The History of a Bad Man

Author: Sonia Howell (University of Notre Dame)


Sebastian Barry. The Temporary Gentleman. New York: Viking, 2014, 320 pp.

To be a father in Irish fiction is to be up against it from the get-go. From Seán O’Casey to Roddy Doyle, the Irish patriarch, or paterfamilias, has been placed into either one of two categories: patriarchal tyrants or ineffectual absentees. This is a gross generalization, of course, but it is not far off the mark: we think of Simon Dedalus in Joyce’s A Portrait of the Artist as a Young Man, Mr. Brady, or “Dada” in Edna O’Brien’s The Country Girls, Moran in John McGahern’s Amongst Women—the list goes on. Despite their abundance, however, it is notable that these fathers are rarely given voice to narrate their own stories. Instead, they are either talked about or represented only by their absence. In The Temporary Gentleman, Sebastian Barry’s most recent novel, this silence is broken as an absent father attempts to reclaim the space that he has vacated and redeem his credentials “as a father and a man” (268).

The protagonist of The Temporary Gentleman is Jack McNulty. Jack, or the “buveur of Sligo,” is based on Barry’s maternal grandfather, Jack O’Hara, a “temporary gentleman” who was commissioned in the British Army during the Second World War. Notably, The Temporary Gentleman is not Barry’s first telling of Jack O’Hara’s story; readers familiar with the author’s earlier work will recall meeting Jack in the 1998 play, Our Lady of Sligo, wherein Barry tells the story of the character’s troubled marriage to the beautiful Mai Kirwan. Told from Mai’s perspective, what emerges in the play is a portrayal of Jack that was, Barry has confessed, in retrospect, “very hard.”[1] Based predominantly on the accounts of Barry’s mother, the famous Irish actress, Joan O’Hara, this is perhaps not surprising; as Barry recollects, “while he [Jack O’Hara] was alive, […], [a]ll her stories were for her mother and against her father.”[2] In The Temporary Gentleman, however, the narrative perspective is reversed and Jack McNulty is given voice to narrate the sad history of their marriage and to confess his own culpability in its demise. 

The first-person narrative deployed in the form of a written testimony has become a defining trait of Barry’s novels; the narrators of Annie Dunne, The Secret Scripture, and On Canaan’s Side all set out to write their stories down in the attempt to come to terms with the lot that has befallen them in life. Sitting in his cabin in Accra in 1957, Jack also records his story in his “old minute-book” with the hope of achieving some form of reconciliation with the past. Unlike Barry’s earlier narrators, however, Jack is not the victim, but the villain in the story he recounts; this is “the history of a bad man” (269). Thus, his account is not a testimony but a confession.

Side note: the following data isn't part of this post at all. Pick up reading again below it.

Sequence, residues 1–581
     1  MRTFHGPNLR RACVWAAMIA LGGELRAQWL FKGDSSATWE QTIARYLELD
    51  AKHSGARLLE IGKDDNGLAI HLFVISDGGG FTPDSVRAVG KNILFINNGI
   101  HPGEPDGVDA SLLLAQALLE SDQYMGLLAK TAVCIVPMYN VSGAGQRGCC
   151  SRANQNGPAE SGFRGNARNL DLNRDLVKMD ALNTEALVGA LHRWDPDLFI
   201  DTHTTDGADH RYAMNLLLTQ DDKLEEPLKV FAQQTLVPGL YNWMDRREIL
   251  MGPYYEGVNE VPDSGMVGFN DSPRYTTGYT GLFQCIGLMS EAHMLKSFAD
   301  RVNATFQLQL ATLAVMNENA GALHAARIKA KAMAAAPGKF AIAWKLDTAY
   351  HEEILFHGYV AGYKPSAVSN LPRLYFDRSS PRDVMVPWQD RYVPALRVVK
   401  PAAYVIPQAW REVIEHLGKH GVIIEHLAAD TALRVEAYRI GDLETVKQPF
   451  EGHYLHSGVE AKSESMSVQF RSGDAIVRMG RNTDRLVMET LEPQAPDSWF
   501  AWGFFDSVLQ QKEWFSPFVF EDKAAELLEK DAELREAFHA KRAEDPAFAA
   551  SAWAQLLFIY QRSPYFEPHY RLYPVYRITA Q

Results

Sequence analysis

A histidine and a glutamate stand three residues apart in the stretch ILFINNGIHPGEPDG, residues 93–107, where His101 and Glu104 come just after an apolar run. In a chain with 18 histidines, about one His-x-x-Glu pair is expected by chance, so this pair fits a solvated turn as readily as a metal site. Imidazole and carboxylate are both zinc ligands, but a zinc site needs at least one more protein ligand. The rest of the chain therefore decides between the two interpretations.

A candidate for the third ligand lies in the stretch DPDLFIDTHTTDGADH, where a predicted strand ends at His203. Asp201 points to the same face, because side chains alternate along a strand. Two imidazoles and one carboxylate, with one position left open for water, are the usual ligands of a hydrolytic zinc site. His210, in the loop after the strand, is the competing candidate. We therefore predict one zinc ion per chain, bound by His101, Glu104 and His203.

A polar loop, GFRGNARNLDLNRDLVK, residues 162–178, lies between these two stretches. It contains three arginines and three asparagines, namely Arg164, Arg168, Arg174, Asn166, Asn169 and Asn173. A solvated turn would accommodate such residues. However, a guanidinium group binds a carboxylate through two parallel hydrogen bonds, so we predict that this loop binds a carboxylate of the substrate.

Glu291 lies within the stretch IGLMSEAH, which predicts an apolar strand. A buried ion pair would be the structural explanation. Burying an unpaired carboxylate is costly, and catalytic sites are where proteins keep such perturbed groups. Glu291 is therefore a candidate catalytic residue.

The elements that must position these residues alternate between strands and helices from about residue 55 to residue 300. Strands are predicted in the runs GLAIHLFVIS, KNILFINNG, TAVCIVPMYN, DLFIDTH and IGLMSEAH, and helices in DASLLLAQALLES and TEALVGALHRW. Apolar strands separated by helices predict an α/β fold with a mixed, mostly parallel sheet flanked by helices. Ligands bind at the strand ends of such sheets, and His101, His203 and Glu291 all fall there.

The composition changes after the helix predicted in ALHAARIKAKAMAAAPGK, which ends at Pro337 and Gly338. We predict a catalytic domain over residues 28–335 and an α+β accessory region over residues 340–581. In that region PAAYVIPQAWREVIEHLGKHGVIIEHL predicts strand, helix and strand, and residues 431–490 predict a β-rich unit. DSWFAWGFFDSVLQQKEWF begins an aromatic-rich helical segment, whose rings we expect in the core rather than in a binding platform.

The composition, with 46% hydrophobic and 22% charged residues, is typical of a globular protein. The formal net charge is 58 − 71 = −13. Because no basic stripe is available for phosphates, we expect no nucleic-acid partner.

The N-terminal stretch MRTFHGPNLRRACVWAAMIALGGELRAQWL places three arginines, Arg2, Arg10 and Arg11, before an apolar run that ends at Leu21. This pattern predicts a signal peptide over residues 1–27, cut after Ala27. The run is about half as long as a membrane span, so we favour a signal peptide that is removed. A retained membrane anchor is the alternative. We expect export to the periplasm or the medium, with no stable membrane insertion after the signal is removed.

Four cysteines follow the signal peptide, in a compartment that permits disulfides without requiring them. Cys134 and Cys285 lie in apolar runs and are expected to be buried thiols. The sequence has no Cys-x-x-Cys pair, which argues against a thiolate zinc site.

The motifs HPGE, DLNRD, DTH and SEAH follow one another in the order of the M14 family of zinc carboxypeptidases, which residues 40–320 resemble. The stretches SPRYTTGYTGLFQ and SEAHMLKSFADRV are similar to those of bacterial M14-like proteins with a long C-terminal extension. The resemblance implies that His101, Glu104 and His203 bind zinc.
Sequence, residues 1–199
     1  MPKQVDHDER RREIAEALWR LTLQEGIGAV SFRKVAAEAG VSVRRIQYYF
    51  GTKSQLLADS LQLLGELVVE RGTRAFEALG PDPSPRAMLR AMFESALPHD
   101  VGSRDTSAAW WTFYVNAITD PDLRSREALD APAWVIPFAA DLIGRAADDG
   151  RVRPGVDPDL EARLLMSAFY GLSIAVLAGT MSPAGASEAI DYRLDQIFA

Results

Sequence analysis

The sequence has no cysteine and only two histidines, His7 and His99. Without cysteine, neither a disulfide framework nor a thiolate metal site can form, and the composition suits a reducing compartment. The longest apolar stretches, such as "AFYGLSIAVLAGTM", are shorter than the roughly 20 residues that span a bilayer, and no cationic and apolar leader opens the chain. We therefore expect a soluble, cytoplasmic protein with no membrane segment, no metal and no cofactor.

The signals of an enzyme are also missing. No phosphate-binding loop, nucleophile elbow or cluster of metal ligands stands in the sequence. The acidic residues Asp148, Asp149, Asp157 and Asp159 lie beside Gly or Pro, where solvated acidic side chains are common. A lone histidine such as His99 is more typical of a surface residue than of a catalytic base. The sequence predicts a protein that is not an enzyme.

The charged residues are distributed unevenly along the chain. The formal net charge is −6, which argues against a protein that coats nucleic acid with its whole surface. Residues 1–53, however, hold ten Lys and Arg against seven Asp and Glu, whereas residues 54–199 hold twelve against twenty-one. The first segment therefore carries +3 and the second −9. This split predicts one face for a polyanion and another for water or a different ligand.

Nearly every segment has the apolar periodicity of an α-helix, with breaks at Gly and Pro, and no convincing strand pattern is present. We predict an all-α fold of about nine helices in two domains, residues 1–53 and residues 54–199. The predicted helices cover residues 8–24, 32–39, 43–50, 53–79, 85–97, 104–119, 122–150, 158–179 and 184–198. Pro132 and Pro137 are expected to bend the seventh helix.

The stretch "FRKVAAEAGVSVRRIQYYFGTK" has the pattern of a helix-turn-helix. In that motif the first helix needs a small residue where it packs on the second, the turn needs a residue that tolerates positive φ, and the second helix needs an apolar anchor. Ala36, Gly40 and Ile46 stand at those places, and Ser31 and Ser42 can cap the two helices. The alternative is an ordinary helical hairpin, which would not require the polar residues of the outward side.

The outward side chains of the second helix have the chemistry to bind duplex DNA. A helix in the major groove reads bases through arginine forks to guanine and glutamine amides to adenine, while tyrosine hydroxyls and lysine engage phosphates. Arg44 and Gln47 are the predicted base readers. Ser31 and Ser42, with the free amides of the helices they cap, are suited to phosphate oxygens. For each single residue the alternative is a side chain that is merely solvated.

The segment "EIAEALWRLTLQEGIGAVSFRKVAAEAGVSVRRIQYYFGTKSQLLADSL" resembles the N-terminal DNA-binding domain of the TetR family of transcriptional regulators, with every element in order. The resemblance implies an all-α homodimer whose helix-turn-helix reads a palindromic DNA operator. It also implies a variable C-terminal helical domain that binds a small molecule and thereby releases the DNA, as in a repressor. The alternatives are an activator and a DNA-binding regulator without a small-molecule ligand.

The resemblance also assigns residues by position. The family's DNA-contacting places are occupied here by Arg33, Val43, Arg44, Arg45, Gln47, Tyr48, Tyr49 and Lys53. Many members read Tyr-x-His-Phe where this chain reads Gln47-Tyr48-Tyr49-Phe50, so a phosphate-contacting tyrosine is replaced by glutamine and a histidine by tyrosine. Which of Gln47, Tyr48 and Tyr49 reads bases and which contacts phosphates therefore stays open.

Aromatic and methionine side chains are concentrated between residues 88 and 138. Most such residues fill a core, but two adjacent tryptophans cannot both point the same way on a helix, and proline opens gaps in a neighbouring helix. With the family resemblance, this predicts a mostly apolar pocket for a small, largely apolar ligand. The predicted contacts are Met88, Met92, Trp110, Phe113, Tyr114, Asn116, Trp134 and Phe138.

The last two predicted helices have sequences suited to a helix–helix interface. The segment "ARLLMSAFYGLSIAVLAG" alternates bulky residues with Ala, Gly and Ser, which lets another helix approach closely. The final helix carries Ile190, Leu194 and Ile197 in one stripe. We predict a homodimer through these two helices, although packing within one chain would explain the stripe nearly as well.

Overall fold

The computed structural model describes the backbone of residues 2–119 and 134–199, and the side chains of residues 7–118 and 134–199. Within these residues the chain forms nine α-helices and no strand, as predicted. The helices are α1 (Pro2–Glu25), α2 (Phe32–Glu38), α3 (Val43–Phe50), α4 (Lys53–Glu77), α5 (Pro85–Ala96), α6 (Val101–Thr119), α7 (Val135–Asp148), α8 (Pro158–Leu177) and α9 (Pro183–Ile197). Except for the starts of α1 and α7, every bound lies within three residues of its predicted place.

Barry establishes this confessional tone early on in the novel when Jack reveals his purpose for writing:

I must go back over everything […]. Write it down honestly in this old minute-book of the now defunct Gold Coast Engineering and Bridge-Building Company. Then the man who goes back to Ireland will be a better man, a mended man. That is my prayer now. (27)

In this passage, as in the rest of the novel, confession and redemption are intimately bound up with a desire to return home, thus situating The Temporary Gentleman, like so much of Barry’s fiction, within the genre of exile literature. In giving voice to those who are not present, literature of exile facilitates what George O’Brien has referred to as the “representation of the missing,”[3] and throughout his body of work, Barry has utilized this literary device to depict characters who remain outside of the Irish nationalist community due to political allegiance or religious affiliation. In The Temporary Gentleman, however, Barry employs the theme of exile to depict a father’s estrangement from his own family.

In comparison to Frank Kirwan, Mai’s own “utterly present father” (46), Jack’s role as paterfamilias is defined by his absence, which is both literal (as when Jack works abroad for the British Services) and figurative (Jack’s intoxication). Following Mai’s death, Jack takes up a form of self-enforced exile in Accra where he has fled to escape the guilt of his failure to live up to his responsibilities as a father and husband. Unlike his brother Eneas, the protagonist of The Whereabouts of Eneas McNulty, Jack is free to return to Ireland at any time. Acknowledging this fact, Jack writes: